You know fiber’s good for you. It keeps the pipes running smoothly and keeps the laxatives on the shelf. Plus, according to many well-known studies, fiber helps protect you against colon cancer.
But what about breast cancer? Does eating plenty of fiber play a role in preventing breast cancer as well?
That’s what scientists from the National Institutes of Health set out to discover.
Are women eating enough fiber?
Scientists asked 200,000 women to fill out a lengthy survey about their eating habits. Then they did some quick math to figure out each woman’s daily fiber intake. Seven years later, the scientists checked back in on the women. More than 5,000 of them had been diagnosed with breast cancer.
Fiber slashed certain breast cancer tumors 44%!
Did fiber intake play a role in preventing cancer?
It sure did! Compared to women with low fiber diets, the women with high fiber diets decreased their overall risk of developing cancer.
In fact, women with the highest reported fiber intake reduced their risk of developing certain types of breast cancer tumors by 44 percent.
But is all fiber created equal?
When most of us think of fiber, we think of fruits, vegetables and whole grains. But that kind of fiber, called insoluble fiber, really didn’t help the women in the study very much.
Instead, the women who ate the most soluble fiber got the most protection. This kind of fiber is found in foods like oats, nuts, barley and flax seed.
That certainly got me thinking.
Why does soluble fiber provide more protection against breast cancer? We know that soluble fiber controls blood sugar and insulin better than insoluble fiber. Does that make a difference in preventing breast cancer? Or does it have to do with estrogen? We know that too much estrogen puts a woman at risk for developing breast cancer. Does soluble fiber help regulate estrogen in the body better than insoluble fiber?
Clearly, this study raises lots of questions. And it may take years to figure it all out. And it’s not a cause-and-effect type study so more research needs to be done.
But one thing is for sure, it definitely makes the case for eating more soluble fiber!
So here’s a little primer about how to get more into your diet…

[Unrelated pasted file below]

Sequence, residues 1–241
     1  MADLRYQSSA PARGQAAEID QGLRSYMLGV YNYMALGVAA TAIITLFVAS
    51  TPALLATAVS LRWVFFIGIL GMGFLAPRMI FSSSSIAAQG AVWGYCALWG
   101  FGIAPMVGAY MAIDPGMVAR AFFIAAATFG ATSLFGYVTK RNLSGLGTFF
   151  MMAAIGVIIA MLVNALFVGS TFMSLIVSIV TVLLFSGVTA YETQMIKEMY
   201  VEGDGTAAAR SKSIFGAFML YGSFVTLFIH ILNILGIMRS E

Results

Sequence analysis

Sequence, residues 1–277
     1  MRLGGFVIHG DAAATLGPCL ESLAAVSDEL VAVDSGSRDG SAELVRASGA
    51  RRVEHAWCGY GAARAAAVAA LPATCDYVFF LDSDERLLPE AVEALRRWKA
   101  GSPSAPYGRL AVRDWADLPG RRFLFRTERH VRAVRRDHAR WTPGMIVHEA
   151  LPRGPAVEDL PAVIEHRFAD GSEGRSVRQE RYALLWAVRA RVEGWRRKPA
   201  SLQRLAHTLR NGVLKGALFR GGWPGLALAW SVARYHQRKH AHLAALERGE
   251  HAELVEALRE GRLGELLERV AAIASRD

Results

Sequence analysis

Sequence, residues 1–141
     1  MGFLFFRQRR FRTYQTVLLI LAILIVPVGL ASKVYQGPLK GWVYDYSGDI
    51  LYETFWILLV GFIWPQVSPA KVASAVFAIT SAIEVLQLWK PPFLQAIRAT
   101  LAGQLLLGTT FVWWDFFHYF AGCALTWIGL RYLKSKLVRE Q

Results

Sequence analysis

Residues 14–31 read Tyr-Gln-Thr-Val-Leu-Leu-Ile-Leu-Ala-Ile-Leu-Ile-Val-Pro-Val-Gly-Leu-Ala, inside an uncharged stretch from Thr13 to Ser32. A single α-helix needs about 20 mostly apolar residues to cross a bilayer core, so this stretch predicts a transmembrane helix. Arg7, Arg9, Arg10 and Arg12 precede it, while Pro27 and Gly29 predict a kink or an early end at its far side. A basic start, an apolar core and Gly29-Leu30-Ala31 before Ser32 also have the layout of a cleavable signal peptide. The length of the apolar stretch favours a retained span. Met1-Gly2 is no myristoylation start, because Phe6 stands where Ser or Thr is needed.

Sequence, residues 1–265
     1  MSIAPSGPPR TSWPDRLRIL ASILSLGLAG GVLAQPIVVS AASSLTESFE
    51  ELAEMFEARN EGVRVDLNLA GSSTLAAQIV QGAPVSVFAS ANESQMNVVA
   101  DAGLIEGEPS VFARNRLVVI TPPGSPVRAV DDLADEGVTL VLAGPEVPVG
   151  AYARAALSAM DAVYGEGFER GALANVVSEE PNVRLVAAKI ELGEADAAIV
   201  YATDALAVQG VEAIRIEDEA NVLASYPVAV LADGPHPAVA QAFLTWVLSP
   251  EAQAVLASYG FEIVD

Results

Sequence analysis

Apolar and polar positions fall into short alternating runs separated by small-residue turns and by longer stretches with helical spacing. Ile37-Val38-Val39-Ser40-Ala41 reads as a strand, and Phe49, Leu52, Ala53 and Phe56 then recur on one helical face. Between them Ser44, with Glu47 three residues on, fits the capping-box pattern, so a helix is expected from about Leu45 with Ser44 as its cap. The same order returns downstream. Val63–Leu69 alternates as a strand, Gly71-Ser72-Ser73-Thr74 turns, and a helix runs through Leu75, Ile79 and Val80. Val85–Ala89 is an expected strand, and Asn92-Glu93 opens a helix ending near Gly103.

Soluble fiber facts
Oatmeal makes a great breakfast high in soluble fiber. Plus, try to keep plenty of nuts around the house. They’re high in soluble fiber as well as omega-3s.
You can also get a decent amount of soluble fiber from…
- pinto beans,
- brown rice,
- and carrots.
All of these fiber rich foods will help fill you up and flush you out. Plus, they will help you metabolize sugar.
They can also help keep your “bad” cholesterol in check. And they will even help you control the most nagging IBS symptoms.
Stop counting fiber grams
Some diets have you counting fiber grams. And most experts recommend getting 25-45 grams of total fiber per day. But I’ve never had to count fiber grams.
That’s because I eat lots of nuts, fruits, and vegetables. And I only eat unrefined grains like real brown rice, 100 percent stone ground whole wheat, dehulled barley and steel-cut oats.
Be careful of the wolf dressed up in sheep’s clothing. Any bread described as anything but 100 percent stone ground whole wheat isn’t whole grain. And it’s not going to do you any good.
Let’s hope these government docs have hit the nail on the head for once. It’s good news, indeed, for women already eating plenty of fiber!
Dr. Allan Spreen
Nationally acclaimed as America’s “Nutrition Physician,” Dr. Spreen has been helping people stay healthy and disease-free as a private doctor, published author, and noted researcher.
In addition to his role as a Senior Member of the prestigious Health Sciences Institute Advisory Panel in Baltimore, MD, Dr. Spreen also coaches diving at the international and Olympic levels. NorthStar Nutritionals is proud to have Dr. Spreen as their Chief Research Advisor.
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